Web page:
Review by

An interesting read. I wondered if Coetzee was writing about himself, not literally but figuratively. So I read a bit on the background of this book afterwards and found that this work might be related to/inspired by Kafka. Though I haven't read Kafka, particularly The Metamorphosis, I was somehow reminded of it when I read passages where Michael K reflects on how his wild living is no different from that of a worm, or a spider or any other insects that he comes into close contact with. They are also, to K himself, gardeners, as he comments at the very end of the book, which was K's job at the beginning of the story.This is the fourth book by Coetzee that I finished, and while his writing seems to be, quite pronouncedly, lamentations of his life and his association with his homeland, this one is a bit heavy compared to his later work. Although Coetzee's brilliant writing style is already very evident in this earlier book of his.Many good lines I read throughout, but my favourite is probably "... if there is one thing I discovered out in the country, it was that there is time enough for everything." (183) The final paragraph, too long to quote, is amazing as well. It puts a smile to my face.

Review by

Michael is poor and born with a harelip. There's no father and his mother puts him in an orphanage, possibly because he's a bit slow. The book isn't narrated by him but much of it is seen from his point of view. He's inexperienced and unworldly but I'm not entirely sure he's unintelligent. The action takes during the civil war in South Africa when Michael K is an adult working as a gardener in a public park. His mother, who's been a maid for a rich family, is existing in a single room; she's clearly too ill to work. There is no politics in this book and the "real" world exists for the reader in the nebulous cloud it seems to be for Michael K. In fact the book reminds me a bit of Cormac McCarthy's The Road with the character moving though a nightmare environment which bears some resemblance (but not much) to the real world. This is not a world of ashes, but Michael knows only what touches him directly and has no clue what the war is about, what side he is on or even what his place in the world should be. He tries to follow the rules in a chaotic environment. His mother wants to return to the country village where she grew up and he fashions a crude cart to attach to his bicycle and pull her. Their journey is made horrid by the weather and by the people they meet along the way—soldiers, others escaping the city, some preying on the travelers. The mother dies in a hospital on the way, is cremated and the ashes given to Michael. With his mother's death, Michael loses his last touch with the world around him and becomes so isolated that he digs a hole in the ground to live in while cultivating pumpkins on an abandoned farm that may or may not be the one where his mother grew up. He has visions of his mother in flames and eventually remembers her death as "They burned her up". He's found in his hole by the authorities and assumed to be a supporter of the rebels who refuses to talk when actually he has no clue what his interrogators are talking about. He is shunted to a hospital where a medical officer tries and fails to "save" him. He escapes initially by refusing to talk and then, cleverly, manages to walk out.One cannot help but think there's a way in which Michael K is "saner" and "brighter" than those around him who engage, one way or another, in a destructive and inhumane war. The reader to some extent shares the frustration of the medical officer who tries to "save" Michael. But save him from what and to what?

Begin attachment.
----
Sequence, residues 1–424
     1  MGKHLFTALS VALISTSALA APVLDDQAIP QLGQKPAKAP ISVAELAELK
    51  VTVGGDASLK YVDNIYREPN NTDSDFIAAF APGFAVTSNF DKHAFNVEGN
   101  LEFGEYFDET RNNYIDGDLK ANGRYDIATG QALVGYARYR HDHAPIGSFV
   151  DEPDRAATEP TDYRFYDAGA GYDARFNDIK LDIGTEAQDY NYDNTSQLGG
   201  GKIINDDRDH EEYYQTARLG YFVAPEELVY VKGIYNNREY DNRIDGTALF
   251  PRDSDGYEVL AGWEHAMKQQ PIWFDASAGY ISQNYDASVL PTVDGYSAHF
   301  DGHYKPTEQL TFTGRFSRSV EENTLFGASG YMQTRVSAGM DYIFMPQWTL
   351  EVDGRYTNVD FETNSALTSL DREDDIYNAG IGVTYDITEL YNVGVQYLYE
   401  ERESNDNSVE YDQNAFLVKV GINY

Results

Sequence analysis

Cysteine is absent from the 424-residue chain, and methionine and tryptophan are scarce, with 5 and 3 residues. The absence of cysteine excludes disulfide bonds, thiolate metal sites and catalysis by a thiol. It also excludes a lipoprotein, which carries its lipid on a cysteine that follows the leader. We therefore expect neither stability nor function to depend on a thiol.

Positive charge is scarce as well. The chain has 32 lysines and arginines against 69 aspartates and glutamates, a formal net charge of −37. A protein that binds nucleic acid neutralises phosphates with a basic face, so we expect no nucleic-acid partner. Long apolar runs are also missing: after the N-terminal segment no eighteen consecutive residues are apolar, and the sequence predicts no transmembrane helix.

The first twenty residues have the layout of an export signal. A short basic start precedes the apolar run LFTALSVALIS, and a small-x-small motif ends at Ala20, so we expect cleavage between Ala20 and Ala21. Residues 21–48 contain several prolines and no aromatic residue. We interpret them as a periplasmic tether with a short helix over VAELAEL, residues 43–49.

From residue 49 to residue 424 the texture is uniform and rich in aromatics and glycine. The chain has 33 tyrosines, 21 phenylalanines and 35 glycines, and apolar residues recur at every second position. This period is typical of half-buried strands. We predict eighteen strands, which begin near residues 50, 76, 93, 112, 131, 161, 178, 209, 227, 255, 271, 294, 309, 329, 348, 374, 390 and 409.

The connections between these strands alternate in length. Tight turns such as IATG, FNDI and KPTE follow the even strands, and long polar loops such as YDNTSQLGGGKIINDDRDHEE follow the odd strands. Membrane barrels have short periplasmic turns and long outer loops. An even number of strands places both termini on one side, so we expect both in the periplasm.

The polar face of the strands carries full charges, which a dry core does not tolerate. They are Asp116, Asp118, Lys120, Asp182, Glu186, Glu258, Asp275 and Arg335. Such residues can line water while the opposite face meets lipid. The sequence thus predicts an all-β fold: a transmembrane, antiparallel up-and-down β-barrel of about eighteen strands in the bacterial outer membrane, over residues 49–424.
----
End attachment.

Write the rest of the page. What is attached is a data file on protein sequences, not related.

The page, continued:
Review by

A novel in parts. The first being a comically miserable little tale of a Kafka character in Sud-Afrika, the second of a doctor's philosophical investigations of this man, and the third being some hippy-dippy nonsense.<br/><br/>